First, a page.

Public Records Free Directory Blog

News and information about access to public records

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Warrants and Most Wanted Persons

June 26th, 2014 · California, federal, Florida, Oregon, Washington

One of the many types of information provided by law enforcement agencies throughout the country are online links for “most wanted persons” and “warrants.”

Using our main “Warrant Records Resources” page, you can access a large number of national warrant links such as Drug Enforcement Administration’s “fugitives” website searchable by field office locations; the FBI Most Wanted “terrorists and fugitives” website; and Environmental Protection Agency’s “fugitives wanted for environmental crimes,” These are just some of the national warrant links that our website provides.

Our website also provides links to state and local municipal websites such as felony warrants, misdemeanor warrants, and non-support warrants. Some of the municipal websites include California’s Los Angeles’ Crimestoppers “most wanted and missing persons” website, Florida’s Highway Patrol “most wanted persons” including those persons wanted for identity theft, the State of Oregon Benton County “Parole and Probation Violation Absconders,” and Washington State “Child Support Fugitives” for those parents wanted for non-payment of child support.”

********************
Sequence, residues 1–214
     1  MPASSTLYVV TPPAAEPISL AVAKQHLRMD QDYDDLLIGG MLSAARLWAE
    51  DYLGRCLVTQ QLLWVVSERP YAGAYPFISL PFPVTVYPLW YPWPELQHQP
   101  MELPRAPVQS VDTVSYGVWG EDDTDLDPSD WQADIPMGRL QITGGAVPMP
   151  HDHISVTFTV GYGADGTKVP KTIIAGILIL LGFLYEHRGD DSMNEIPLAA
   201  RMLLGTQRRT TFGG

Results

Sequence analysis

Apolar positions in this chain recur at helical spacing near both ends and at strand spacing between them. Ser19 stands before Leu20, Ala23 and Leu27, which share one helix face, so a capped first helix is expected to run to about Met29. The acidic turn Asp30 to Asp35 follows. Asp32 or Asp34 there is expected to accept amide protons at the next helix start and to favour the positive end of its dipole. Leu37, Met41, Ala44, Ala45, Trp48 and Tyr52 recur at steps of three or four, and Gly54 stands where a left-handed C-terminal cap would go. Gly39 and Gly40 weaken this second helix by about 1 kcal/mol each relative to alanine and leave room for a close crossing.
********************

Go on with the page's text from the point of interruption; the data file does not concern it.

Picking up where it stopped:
These links provide a valuable resource for both the public and municipal agencies by increasing the chances for apprehending persons wanted for a variety of reasons. The links can also be used for purposes of researching a neighbor, a prospective tenant, a potential employee, or to verify that an ex-spouse is listed appropriately on your state’s “child support” website. The availability and use of these types of links provides a great public service increasing the chances for apprehending potentially dangerous persons.

You can access other types of public records on our “Free Public Records Search Directory” website including such subjects as land records, property tax records, permit records, and more.

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Vehicle Safety and Recalls

May 25th, 2014 · federal

There have been a lot of news reports in the papers and on the air recently regarding vehicle safety and recalls. If you have concerns about the vehicle that you’re driving or questions about any recalls of a vehicle that you’re planning to buy, there are online resources available to help you.